I was a HUGE fan of disco, but it leaves a bad taste with many people because of their limited exposure to it. Just like any genre of music, some of it was good, some bad, and some was brilliant. And especially with dance-orented music, there is a percieved "sameness" to the sound that makes it all sound very cookie-cutter to the casual listener. Find a copy of Donna Summer's excellent Once Upon A Time CD if you want to show what disco music COULD be...
Actually I find it quite motivating when it comes time to clean-up those overflowing empty beer cans from the back of the pick-up truck bed or at those special occasions such as weddings between relatives
I've always disagreed with the "Disco Sucks" mantra. In the late 70's I started seeing T-shirts and other stuff with that saying on it and thought to myself, no it's actually pretty good! And I wasn't even old enough to go into the disco's and dance.
It's just that in the late 70's disco was so fucking huge. Almost every musical artist had a disco version of some song or another. There were very often new disco bands coming out with their one hit wonders. They rarely repeated with a follow-up hit, but there was already a new disco group and song waiting to take its place. Radio stations played an extreme amount of disco. TV programs were into too, either established series or variety shows which were very common. Movies began to over-do the disco theme. It oversaturated the radio, TV, movies, everything.
So naturally there was a backlash and it mostly came from the rock'n roll section... even though the same rock'n rollers were probably going to Studio 54 and getting toasted.
It doesn't really matter to me: all of it was good back then. Whether it was disco, rock, pop, jazz, etc. A lot of the disco songs had same very good production values. I despise very little of it. Years ago I saw Rick Dees wandering around lost in the building I used to work in. One of the first things that came out of my mouth was "Disco Duck!". Yeah that song sucked but it was funny.
I think the lyrics to The Who's "Sister Disco" pretty much sums it up.
That being said I can get behind the occasional KC & Sunshine Band or even the BeeGees.....on occasion.
The bottom line is that I don't think it was the music so much that spawned "Disco Sucks" so much as the whole disco lifestyle and social trend. Take it from one who actually was in more than one disco in the 70s - we're not missing much IMHO.
It DID "suck"! If you were a rocker in the mid seventies. The radio (and charts) went ALL disco. Even The Dead, went disco. Nothing against the music, as the women loved it and the party was ON! Just, NO choice! Bummed a lot of people out.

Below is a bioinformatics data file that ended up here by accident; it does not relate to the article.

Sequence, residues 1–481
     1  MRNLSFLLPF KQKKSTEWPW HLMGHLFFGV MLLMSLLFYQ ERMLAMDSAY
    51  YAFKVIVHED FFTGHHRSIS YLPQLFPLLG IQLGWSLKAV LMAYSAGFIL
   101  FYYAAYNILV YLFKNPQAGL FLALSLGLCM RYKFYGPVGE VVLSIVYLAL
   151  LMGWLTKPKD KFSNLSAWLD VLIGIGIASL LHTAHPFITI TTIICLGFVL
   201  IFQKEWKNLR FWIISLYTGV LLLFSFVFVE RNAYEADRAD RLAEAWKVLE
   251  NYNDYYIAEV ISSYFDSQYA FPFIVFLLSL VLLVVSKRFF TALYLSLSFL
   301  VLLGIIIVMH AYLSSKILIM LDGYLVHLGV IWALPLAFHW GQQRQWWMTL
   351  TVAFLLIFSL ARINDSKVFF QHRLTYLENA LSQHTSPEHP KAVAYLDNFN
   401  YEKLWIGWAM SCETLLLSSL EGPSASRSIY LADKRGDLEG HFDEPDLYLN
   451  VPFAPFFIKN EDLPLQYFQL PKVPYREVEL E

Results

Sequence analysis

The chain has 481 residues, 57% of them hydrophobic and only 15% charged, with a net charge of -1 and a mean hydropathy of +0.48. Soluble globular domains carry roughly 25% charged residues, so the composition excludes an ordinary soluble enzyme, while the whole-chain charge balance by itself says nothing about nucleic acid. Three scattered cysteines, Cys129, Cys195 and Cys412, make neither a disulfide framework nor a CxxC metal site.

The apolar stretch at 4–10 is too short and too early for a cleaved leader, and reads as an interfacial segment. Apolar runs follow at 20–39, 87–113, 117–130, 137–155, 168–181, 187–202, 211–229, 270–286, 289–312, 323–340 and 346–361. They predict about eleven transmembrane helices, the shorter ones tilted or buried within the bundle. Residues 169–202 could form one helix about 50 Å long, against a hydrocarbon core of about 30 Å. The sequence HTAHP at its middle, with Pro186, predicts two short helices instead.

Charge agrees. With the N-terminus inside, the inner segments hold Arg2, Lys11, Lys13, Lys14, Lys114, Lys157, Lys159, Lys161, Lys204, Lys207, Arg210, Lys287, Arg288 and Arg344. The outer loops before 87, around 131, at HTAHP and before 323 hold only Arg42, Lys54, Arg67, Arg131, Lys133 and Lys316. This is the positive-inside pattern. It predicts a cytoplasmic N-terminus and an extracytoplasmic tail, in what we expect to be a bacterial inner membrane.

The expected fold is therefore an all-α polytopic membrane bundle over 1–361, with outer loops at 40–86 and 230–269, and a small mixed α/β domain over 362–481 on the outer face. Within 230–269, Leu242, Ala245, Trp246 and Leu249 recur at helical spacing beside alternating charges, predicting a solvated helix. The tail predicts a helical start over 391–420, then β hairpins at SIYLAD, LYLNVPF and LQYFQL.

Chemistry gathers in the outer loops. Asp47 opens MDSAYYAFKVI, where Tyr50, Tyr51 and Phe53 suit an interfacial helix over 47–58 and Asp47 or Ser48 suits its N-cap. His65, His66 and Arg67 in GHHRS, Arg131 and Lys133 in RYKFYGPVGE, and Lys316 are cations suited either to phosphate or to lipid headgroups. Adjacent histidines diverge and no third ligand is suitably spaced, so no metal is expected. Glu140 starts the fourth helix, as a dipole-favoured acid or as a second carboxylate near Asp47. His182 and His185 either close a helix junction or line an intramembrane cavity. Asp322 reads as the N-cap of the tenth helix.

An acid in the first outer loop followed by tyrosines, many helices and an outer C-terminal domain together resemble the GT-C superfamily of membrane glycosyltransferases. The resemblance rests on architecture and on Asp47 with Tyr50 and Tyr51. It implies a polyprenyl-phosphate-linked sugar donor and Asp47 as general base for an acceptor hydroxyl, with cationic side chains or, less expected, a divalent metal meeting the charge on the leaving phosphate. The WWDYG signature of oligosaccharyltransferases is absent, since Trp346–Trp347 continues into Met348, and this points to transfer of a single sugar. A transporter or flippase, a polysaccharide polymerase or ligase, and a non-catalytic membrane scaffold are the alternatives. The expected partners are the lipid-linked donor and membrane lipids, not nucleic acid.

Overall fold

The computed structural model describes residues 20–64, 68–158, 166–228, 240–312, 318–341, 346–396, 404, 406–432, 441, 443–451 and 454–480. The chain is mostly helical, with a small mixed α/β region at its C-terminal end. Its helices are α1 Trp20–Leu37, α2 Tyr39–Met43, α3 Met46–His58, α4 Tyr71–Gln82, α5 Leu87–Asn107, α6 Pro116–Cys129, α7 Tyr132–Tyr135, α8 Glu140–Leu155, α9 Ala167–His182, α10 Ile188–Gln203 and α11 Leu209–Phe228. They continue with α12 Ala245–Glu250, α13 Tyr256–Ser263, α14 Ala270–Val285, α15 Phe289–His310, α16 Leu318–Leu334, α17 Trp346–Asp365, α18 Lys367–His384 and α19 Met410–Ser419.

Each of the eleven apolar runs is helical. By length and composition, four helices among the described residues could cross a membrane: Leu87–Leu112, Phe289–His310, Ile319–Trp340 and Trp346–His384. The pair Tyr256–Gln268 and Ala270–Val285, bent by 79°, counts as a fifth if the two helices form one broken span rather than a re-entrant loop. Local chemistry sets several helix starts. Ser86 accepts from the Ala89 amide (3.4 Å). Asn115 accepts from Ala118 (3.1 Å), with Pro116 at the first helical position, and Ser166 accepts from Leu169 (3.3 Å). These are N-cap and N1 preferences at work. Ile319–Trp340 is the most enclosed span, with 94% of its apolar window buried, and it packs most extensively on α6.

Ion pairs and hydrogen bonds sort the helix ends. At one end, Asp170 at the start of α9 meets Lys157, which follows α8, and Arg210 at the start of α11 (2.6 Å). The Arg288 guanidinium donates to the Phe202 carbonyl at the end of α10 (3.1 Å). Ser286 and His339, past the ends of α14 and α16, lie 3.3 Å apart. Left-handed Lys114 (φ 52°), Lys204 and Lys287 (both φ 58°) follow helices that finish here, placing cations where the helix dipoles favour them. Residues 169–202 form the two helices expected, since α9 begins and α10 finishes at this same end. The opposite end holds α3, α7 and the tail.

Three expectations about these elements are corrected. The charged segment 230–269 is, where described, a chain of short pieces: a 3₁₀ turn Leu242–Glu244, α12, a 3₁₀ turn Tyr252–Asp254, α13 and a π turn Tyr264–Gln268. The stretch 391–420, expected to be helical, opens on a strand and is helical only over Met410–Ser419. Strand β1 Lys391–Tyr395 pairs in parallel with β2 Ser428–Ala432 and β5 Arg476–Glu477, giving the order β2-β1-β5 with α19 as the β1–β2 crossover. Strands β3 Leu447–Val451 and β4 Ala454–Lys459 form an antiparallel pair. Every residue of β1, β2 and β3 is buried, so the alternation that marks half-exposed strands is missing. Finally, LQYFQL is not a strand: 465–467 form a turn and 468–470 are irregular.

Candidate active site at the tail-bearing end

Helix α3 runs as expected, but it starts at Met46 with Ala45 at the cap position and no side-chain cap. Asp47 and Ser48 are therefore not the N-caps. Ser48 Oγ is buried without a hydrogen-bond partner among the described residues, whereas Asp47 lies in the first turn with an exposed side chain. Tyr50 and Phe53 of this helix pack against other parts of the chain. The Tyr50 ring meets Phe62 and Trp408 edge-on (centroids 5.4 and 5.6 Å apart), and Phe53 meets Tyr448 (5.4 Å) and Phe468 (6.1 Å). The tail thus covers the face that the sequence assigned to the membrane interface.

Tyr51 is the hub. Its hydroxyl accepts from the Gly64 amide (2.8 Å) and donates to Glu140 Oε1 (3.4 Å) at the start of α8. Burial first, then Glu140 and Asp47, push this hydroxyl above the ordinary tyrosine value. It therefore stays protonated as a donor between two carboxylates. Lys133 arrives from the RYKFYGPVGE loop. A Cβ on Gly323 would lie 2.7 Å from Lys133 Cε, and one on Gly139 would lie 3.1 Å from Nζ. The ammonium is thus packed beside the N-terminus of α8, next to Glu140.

I think you have very selective memory...it's like saying that there's nothing but rap on the radio today. Like every other musical cycle (hair bands, New Wave, power ballads, etc.) there have always been rock hits and rock only stations.
I wasn't a great disco fan but there was an artist, Cory Daye I believe who put out some great music. I have her album stored away with my lp's and look forward to listening to it in this century. (will have to buy turntable)
I did the disco scene in Vancouver and it was a lot of fun. Especially showing up with my girlfriend/wife and her two sisters. I was in top form for a while. Then again this has nothing to do with the music.
What I find disturbing when I watch footage of "Disco Sucks" rallies (where records were being burned) and reading about the period (as well as disussing it with a couple professors who were around at the time) is the blatant racism and homophobia of the whole thing. Blacks, latinos, and gays made a very large part of the disco audience. Rock music by this time (both performers and consumers) had been completely appropriated by whites (mostly men). So when one sees white men destroying records they know full well were consumed by these marginalized social groups, how else should that be interpreted (that disco also appealed to the "jet set" no doubt created a class issue for the middle class and blue collar crowd)? The reaction to disco was a clear example of the mind/body split that pervades Western thought: by this time rock was "art" that was to be listened to. It was an activity for the mind. However, disco was made primarily for dancing. It was an activity for the body. The recent Janet Jackson controversy is an another example of the abject position the body holds in our culture. How often do we see outcry about displays of nudity, as if the sight of a breast or a penis were the most heinous trangression in the world?
All that said, most disco doesn't appeal to me (which is odd , since I enjoy funk and rap), but I do understand the aesthetic behind it. However, it's one thing to say it's not to your taste. It's quite another to be filling stadiums chanting "Disco Sucks!" and smashing and burning records; that says more about your prejudices than about the music.
I always thought allot of what The Bee Gees did was pretty good, though at the time I would never have admitted it. I was never one to follow the fads (too much) so I wasn't into disco like most others I knew were. I handled disco the way I did everything else that was the '70s. Tolerated it from a distance. O.K. so I had a couple pair of bell bottoms. Never said I was perfect! It was sad to see some rock acts trying to jump on the band wagon. Like The Kinks trying to do a live disco version of Lola. Shouldn't have done that. But the worst part of disco is I'm starting to like some of it!
According to one of the aforementioned professors who teaches a popular music course (which I recently TA'd), it's not a totally accurate depiction of the culture, since there are almost no blacks, latinos, etc. in the film. Disco culture was a way for people to transcend lower class status. Almost all money would be spent on nice clothes, so clubs would entirely consist of people who "looked good" regardless of ecomomic status.